Press-Republican

April 12, 2012

'American Reunion' not half-bad

STEVE OUELLETTE, Movie Review
Press-Republican

---- — Teen sex comedies are usually, by definition, aimed at teenagers. "American Reunion," however, is that rare teen sex comedy that targets adults — particularly those who were teens in the '90s and fondly recall the original "American Pie" as some sort of touchstone film.

After two so-so Hollywood sequels with the same characters, then several dreadful direct-to-video efforts with mostly new faces, expectations were low for this final chapter, which pulls together the entire original cast for the first time in nine years.

Considering those expectations, "American Reunion" turned out to be not half-bad.

The franchise is no longer the raunchiest and no longer offers anything that we haven't seen before. It manages, however, to address grown-up problems and relationships — with a surprisingly heartfelt moment or two — while still throwing its characters into numerous juvenile situations involving the pursuit of sex.

"American Reunion" draws its original characters back with the gimmick of a 13th high-school reunion. Jim (Jason Biggs) is married to Michelle (Alyson Hannigan) — as per "American Wedding" — and they have a child. Mild-mannered Finch (Eddie Kaye Thomas) is a motorcycle-riding man of the world. Hulking Oz (Chris Klein) is a minor TV celebrity. Bearded Kevin (Thomas Ian Nicholas) is a house husband.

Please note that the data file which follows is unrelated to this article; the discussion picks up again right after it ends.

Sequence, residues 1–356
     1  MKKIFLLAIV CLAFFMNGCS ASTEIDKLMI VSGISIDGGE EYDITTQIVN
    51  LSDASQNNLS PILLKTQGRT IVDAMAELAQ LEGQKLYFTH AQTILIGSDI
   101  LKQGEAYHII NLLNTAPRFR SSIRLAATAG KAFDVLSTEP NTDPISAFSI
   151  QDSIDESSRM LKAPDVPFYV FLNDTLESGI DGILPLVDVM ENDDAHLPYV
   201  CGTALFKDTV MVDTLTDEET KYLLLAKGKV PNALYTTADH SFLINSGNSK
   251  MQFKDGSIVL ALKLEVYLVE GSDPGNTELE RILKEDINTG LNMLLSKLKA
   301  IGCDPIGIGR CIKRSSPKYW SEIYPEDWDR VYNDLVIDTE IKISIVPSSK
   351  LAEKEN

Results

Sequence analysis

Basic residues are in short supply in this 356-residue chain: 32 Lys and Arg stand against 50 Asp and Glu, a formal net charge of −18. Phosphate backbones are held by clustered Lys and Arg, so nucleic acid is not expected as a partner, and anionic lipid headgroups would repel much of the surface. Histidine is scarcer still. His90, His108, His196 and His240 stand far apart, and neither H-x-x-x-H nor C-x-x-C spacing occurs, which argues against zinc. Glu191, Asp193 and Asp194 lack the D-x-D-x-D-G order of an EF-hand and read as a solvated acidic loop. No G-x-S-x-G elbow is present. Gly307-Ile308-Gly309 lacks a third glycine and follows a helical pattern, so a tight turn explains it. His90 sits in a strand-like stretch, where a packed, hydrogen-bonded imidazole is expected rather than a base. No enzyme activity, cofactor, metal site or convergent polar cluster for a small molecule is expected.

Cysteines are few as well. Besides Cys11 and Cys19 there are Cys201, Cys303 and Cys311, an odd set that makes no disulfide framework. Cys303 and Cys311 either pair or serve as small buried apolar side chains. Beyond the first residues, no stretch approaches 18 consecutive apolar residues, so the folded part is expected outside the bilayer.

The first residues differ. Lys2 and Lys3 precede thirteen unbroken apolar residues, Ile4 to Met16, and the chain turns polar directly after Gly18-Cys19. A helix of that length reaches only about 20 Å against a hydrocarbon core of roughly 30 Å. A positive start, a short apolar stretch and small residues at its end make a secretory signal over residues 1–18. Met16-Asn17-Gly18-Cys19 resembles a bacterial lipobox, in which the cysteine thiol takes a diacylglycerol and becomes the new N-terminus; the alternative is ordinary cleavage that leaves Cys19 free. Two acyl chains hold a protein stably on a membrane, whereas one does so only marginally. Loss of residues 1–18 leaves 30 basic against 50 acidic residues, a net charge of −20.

Party animal Stifler (Seann William Scott), though, is still the same, trying to live life as if it was high school.

Including virtually everyone from the original movie requires some pointless scenes, and also emphasizes that there are some really terrible actors — we're looking at you, Tara Reid and Chris Klein — involved.

Biggs, though, is comfortable in his awkwardness and has superb chemistry with Hannigan, even as their characters navigate marital troubles. Scott also delivers the goods as the incorrigible near-lunatic Stifler.

The standout this time around, though, is veteran Eugene Levy, who steals every scene he's in as Jim's widowed dad, contemplating a return to the dating game.

"American Reunion" isn't a work of comedy genius by any stretch, but as a final chapter, it kind of works. The ending, though, opens up the chance of another sequel. We, as America, would just like to say "stop right there."

Rental Recommendation: Just before making a splash as Oz in the original "American Pie," Chris Klein co-stars as a dim-witted popular guy in "Election." Grade: A

Email Steve Ouellette at:

ouellette1918@gmail.com